You either love it or hate it, right?  Well, I'm still on the fence with that one.  I played almost every sport in high school (including track & field) at one time or another.  But then I decided to quit the sports I was playing to concentrate on theater.

I joined the Army Reserves when I was 18, (unexpectedly, but that's a story for another day,) and went through intense basic training.  I had regular APFT (Army Physical Fitness Test) tests while in the military.

Then I had babies.  Three of them, to be exact.  And my love for running was replaced with love for sleep.  Why run when I could nap?  Why get all hot and sweaty when I could just sit back and relax?  I still find some time to work out now that my kids are getting older and more independent.  (Notice I said "some" time.)

A couple years ago after volunteering for Grandma's Marathon as Racecourse Entertainment, I met up with my friend Emily in the tents after the race.  Over a beer or two, we concurred that watching Grandma's Marathon runners all morning was very inspiring.  I always thought that even though I may have gotten a little more "squishy" in my years (according to my daughter, at least,) I still had the body of an athlete buried under a few layers of my "I'll start my diet and workout plan tomorrow" outer shell.

We made a deal that by the time we were 30 and before 31 we would run the half together.  So here it was, the 35th Grandma's Marathon, and the last one before I'd turn 31.  It was time for me to make good on the deal.  I signed up months ago, thinking I had plenty of time to train.  But before I knew it, I was blowing off all my plans to train in favor of a nap, shopping, or work.  Or a nap.

When it came down to the wire I panicked.  I told everyone I was confident and knew I could make it, but deep down inside I had serious doubts.  Last week I was contemplating coming down with the flu, having problems with my bionic plate in my ankle, or oversleeping.  All to avoid myself the pain and embarrassment of not finishing.  Honestly, who decides that running 13.1 miles without training is a good idea?  Apparently I do.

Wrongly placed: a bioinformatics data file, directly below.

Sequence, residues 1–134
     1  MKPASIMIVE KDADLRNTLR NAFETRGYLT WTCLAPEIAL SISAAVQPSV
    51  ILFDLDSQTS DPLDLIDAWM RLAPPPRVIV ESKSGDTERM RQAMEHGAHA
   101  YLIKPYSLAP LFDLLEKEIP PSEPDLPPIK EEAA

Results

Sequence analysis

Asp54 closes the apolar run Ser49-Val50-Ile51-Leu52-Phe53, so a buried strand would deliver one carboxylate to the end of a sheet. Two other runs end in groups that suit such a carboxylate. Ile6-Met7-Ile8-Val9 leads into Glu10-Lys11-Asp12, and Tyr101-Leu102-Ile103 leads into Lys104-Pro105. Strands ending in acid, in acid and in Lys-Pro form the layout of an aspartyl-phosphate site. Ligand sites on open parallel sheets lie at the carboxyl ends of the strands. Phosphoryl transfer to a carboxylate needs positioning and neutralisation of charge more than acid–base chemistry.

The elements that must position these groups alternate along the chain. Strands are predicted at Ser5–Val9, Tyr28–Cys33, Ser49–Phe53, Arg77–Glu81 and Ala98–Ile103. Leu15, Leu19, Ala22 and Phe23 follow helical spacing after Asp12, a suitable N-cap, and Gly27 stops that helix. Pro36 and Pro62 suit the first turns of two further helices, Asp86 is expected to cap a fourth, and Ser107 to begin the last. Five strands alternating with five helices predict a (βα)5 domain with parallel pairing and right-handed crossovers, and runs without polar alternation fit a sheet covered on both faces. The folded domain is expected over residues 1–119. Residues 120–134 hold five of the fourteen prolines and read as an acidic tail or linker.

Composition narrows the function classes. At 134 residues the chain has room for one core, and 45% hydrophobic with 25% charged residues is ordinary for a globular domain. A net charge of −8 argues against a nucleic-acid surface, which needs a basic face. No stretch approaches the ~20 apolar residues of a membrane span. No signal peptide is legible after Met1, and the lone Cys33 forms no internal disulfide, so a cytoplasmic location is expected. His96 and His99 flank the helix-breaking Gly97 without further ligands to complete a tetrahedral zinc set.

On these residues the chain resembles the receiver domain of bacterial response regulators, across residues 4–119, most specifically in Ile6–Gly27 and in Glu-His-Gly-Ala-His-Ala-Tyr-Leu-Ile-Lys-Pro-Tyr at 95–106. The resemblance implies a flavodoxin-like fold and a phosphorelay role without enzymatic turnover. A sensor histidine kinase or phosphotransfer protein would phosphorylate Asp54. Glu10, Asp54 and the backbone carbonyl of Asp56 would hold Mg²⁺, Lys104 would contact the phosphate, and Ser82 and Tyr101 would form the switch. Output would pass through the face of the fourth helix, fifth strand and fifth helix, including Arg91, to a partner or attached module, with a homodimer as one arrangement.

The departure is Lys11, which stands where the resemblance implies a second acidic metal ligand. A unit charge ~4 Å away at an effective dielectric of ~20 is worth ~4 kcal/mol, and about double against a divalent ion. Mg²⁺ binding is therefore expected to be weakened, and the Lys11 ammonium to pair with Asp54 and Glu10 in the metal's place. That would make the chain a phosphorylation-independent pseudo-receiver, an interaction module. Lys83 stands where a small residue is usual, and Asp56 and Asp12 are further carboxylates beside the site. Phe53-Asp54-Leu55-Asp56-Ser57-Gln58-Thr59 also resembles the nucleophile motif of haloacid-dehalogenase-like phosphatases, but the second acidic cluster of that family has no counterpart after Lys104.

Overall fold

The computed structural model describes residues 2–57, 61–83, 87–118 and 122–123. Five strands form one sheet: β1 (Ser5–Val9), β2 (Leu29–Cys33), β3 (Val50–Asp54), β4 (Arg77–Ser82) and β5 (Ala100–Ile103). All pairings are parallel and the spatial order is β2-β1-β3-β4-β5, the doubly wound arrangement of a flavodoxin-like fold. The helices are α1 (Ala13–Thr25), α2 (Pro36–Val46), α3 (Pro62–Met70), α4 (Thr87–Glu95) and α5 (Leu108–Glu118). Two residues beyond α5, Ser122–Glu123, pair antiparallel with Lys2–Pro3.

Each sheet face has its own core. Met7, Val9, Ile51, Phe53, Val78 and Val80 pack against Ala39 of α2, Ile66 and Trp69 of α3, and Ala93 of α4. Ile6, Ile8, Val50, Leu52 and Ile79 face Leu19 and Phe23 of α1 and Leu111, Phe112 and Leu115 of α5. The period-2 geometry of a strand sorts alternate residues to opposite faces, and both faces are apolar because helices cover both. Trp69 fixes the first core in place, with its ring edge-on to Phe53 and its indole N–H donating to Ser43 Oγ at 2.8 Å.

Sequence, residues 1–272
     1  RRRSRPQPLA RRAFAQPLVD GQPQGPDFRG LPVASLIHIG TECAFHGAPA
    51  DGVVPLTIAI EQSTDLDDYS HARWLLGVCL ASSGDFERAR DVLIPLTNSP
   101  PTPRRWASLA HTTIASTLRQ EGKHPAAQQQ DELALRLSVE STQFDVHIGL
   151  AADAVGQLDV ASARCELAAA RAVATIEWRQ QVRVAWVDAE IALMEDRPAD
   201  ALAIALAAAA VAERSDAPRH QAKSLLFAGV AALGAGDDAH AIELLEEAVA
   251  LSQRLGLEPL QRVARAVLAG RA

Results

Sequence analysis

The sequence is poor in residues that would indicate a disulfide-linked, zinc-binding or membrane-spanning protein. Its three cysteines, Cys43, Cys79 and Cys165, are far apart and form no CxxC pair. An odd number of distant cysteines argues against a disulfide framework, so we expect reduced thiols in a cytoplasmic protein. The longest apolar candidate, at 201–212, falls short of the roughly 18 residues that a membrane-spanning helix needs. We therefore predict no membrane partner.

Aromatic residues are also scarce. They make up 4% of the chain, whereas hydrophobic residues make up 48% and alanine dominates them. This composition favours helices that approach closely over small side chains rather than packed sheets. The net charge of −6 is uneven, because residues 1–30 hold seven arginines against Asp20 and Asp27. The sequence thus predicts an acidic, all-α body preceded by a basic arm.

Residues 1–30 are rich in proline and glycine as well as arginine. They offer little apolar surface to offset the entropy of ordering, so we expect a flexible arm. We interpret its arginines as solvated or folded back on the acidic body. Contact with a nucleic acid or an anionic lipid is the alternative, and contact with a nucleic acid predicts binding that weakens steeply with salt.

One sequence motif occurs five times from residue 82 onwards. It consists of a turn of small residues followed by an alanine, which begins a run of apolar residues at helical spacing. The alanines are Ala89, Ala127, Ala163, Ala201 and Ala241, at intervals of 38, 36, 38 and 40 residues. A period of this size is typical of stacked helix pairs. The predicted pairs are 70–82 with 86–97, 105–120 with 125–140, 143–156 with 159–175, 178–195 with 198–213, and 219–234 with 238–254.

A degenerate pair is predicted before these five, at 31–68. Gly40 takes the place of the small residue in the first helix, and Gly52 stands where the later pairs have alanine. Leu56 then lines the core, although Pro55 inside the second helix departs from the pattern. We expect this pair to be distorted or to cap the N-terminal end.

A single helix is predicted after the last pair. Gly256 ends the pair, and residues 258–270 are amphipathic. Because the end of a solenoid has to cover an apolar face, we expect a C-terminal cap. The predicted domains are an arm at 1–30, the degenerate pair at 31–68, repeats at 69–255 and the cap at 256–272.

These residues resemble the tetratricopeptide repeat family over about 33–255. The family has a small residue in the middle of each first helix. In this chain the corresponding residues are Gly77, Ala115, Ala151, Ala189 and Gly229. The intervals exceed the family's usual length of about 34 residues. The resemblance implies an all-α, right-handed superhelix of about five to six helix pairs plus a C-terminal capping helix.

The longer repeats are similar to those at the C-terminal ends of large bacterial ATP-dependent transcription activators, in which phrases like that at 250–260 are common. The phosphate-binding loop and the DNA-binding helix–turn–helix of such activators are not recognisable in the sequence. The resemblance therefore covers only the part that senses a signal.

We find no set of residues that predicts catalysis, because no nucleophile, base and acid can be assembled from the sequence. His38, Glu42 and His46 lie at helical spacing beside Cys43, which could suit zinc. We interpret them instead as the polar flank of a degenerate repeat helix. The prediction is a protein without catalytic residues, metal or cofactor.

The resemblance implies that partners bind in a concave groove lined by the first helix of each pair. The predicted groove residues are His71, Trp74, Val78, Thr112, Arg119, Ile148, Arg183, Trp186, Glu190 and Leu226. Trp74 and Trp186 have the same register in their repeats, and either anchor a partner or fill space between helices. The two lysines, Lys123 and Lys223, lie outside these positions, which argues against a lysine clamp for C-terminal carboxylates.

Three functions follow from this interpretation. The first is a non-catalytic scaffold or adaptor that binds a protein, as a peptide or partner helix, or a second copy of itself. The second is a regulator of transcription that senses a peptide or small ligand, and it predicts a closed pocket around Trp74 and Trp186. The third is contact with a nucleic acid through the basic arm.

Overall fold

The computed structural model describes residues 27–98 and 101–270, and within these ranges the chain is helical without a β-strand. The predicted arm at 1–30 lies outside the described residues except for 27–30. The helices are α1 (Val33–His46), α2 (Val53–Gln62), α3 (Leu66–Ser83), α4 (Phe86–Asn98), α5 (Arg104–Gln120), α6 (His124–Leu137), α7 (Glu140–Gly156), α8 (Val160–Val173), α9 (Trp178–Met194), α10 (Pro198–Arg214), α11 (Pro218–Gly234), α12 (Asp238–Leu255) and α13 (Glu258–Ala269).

My plan was to do a healthy balance of walking and running.  As long as I finished, I'd be happy.

Saturday morning I woke up nervous.  I tried a cup of coffee to wake up (not recommended) then switched to drinking water.

By the time I reached the starting line at 5:45 am (which is a little further up Old Hwy. 61 than I originally thought) I was a basketcase.  Soaked, cold, alone, and scared.  13.1 miles?  What was I thinking?

I don't remember any big announcement that the race had started, I was waaaaaay in the back.  I really didn't want to be in the way of the "real" runners.  As the people in front of me started moving,  I followed the herd.

I made it 2 miles before I thought I'd give myself a break and walk.  After 3 miles I was feeling pretty dang good!  By the 5th mile even though I was wearing a sports bra my boobs felt as if they'd bounce right off my body.  I tied my sweatshirt around my chest in hopes they'd stay down.  It helped, but didn't totally solve my problem.

I passed on the free beer, (though it looked sooo good!) and ate the most delicious strawberry and orange I've had in my life.  (Thank you Super One!!)  I saw an incredible collection of Troll dolls lining the street.  And I resisted the urge to grab one and sprint away.

I stopped and talked to my husband around the 10 mile mark.  He told me how proud of me he was, and that was such a great motivator.  I stopped and talked to a few other people I knew, and took 1 pit stop (in the porta-potty, of course.)   I thanked as many volunteers and spectators as I possibly could.  I smiled for the official marathon photographers.  I sang "Party in the USA" at the top of my lungs, and wasn't ashamed to do it.

In all, I had an amazing first Garry Bjorklund Half Marathon experience.


Although I'm not an amazing athlete, I still felt like I was.  Not the way my body felt, of course, but the encouragement from everyone.  The Grandma's Marathon Volunteers and Spectators are so great, I can't even put into words how thankful I am to have had such a great time running 13.1 miles!

Long story short, (too late) I FINISHED!  I didn't break any records, but I also didn't break any of my body parts.

The feeling that overcame me as my medal was placed around my neck is indescribable. A combination of pride, accomplishment, and delirium.  No, I didn't train.  Although it's not recommended, it still worked for me.  I'll run again next year.  But next time, I'll train for it!  Oh, and get a better bra. ;)



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